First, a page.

Risch: Economy won’t slide

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  • (Photo by LOREN BENOIT/HAGADONE NEWS NETWORK) Sen. Jim Risch chats Thursday with members of the HNN editorial board about nuclear energy, trade, and the next presidential election.

  • 1

    Chris Eyler, right, U.S. Chamber of Commerce Executive Director for Congressional Public Affairs, presents Sen. Jim Risch the Spirit of Enterprise Award on Thursday. (Courtesy Photo)

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    Sen. Jim Risch presents Tim Komberec, President of Empire Airlines, with a congressional record. (Courtesy Photo)

  • (Photo by LOREN BENOIT/HAGADONE NEWS NETWORK) Sen. Jim Risch chats Thursday with members of the HNN editorial board about nuclear energy, trade, and the next presidential election.

  • 1

    Chris Eyler, right, U.S. Chamber of Commerce Executive Director for Congressional Public Affairs, presents Sen. Jim Risch the Spirit of Enterprise Award on Thursday. (Courtesy Photo)

  • 2

    Sen. Jim Risch presents Tim Komberec, President of Empire Airlines, with a congressional record. (Courtesy Photo)

By BRIAN WALKER

Hagadone News Network

COEUR d'ALENE — U.S. Sen. Jim Risch doesn't believe America's sizzling economy is about to cool off.

"I don't see that coming," the Idaho Republican told the Hagadone News Network editorial board on Thursday afternoon.

With unemployment being at a 50-year low and a high growth rate in wages and income, Risch said he expects more of the same economic results in the foreseeable future.

"There are people who, every time there's a hiccup, they write the doomsday article," he said. "The door does swing both ways. They may be right — eventually — but not today."

Risch said he plans to formally announce next week that he'll seek a third term in Congress.

"My health is good," the 76-year-old former governor and lieutenant governor of Idaho said.

Risch said he's looking forward to finding co-sponsors for a bill he recently introduced with Rep. Russ Fulcher, R-Idaho, called the Enhancing Geothermal Production on Federal Lands Act.

The bill would streamline the permitting process for geothermal energy projects and bring geothermal to parity with oil and gas exploration on public lands.

"Geothermal energy is an underutilized resource," Risch said.

With 90 percent of geothermal resources located on federal lands, almost all geothermal projects are subject to the National Environmental Policy Act (NEPA) review process.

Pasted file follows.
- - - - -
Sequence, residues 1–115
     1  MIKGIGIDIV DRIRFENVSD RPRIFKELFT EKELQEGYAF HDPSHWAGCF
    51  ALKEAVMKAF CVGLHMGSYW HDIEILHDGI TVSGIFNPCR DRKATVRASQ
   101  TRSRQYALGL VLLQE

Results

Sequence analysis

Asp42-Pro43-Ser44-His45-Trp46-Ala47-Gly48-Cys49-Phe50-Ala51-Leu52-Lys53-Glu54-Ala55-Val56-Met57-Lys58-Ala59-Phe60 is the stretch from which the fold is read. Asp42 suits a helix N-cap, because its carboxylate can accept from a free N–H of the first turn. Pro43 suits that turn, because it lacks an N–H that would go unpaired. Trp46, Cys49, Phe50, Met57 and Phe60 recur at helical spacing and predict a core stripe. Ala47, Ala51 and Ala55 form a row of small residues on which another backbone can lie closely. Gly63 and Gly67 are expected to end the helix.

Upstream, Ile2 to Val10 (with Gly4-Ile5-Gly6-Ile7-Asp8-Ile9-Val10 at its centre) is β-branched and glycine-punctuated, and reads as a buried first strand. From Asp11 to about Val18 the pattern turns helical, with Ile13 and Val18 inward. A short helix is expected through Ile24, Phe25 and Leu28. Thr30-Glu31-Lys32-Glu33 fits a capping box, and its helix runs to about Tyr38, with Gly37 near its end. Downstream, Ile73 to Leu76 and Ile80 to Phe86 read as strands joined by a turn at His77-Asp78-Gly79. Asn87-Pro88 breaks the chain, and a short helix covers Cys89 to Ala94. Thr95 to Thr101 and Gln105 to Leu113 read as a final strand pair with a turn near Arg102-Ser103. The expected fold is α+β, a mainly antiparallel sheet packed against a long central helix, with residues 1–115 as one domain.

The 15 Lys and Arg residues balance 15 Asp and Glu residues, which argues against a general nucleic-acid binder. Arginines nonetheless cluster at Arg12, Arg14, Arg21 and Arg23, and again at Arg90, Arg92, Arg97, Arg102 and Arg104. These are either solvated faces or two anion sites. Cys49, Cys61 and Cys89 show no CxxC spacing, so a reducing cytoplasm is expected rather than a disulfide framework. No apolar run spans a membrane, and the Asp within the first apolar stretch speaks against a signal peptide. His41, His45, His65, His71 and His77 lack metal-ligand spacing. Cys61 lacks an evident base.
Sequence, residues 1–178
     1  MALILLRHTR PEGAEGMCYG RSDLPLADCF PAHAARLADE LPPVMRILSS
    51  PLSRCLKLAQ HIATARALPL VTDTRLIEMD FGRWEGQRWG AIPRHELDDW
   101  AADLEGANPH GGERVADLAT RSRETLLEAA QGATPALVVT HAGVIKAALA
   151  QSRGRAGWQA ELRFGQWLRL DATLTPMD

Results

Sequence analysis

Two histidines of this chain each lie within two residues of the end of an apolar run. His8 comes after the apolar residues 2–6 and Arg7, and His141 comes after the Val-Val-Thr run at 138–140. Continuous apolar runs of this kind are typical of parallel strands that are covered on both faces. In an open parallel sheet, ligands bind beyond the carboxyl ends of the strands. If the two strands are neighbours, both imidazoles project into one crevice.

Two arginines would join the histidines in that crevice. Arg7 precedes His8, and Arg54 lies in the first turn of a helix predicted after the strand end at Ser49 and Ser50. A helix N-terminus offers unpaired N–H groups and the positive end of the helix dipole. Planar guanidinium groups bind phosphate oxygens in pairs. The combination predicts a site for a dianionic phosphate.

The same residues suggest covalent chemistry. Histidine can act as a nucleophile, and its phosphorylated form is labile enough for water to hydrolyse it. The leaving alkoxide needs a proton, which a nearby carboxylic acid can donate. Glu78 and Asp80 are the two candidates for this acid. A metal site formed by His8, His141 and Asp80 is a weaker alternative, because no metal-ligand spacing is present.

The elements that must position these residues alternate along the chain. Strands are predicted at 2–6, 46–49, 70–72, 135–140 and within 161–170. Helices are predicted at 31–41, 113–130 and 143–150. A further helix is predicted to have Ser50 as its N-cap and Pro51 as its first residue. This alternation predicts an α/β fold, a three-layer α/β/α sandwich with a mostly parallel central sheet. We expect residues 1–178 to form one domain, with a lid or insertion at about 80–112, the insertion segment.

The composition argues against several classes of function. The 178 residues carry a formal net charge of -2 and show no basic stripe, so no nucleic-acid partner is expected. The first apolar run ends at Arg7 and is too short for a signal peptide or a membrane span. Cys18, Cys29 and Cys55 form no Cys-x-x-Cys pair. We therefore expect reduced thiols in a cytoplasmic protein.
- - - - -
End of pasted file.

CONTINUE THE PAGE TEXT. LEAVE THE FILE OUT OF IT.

Most geothermal exploration wells require an Environmental Assessment (EA) to be filed before exploration begins. The EA process for geothermal projects averages 10 months, meaning interested parties must wait nearly a year to determine if a viable geothermal resource even exists.

The bill would require the secretary of Interior to identify priority areas for geothermal development on federal lands within five years of the enactment of the bill. It would also allow for geothermal development on lands already leased for oil and gas development.

Risch, who also spoke to the Coeur d'Alene Chamber of Commerce about the free market system on Thursday, said the bill would streamline current processes to make them more efficient and cost-effective so the reliable and low-cost energy source can be fully realized.

The senator last month was presented with the 2019 U.S. Nuclear Energy Distinguished Leadership Award from the U.S. Nuclear Industry Council. He has been an advocate for the Idaho National Laboratory in the U.S. Senate.

Risch was elected chairman of the U.S. Senate Committee on Foreign Relations earlier this year. He's the third Idaho senator to serve as chairman of the committee.

He said that assignment keeps him hopping.

"There's 200 countries and there isn't one that doesn't have significant issues," he said. "They all want to meet with me separately."

Risch, also former chairman of the Senate Committee on Small Business and Entrepreneurship, recently chose Empire Airlines of Hayden as the Idaho Small Business of the Month for August. He said that the company founded in 1977 as Clearwater Flying Service is a perfect example of Idaho’s entrepreneurial spirit.

Empire started with fire patrol and transporting backcountry hunters and anglers, but today the international air carrier focuses on cargo, heavy maintenance repair and assisting airline startups.

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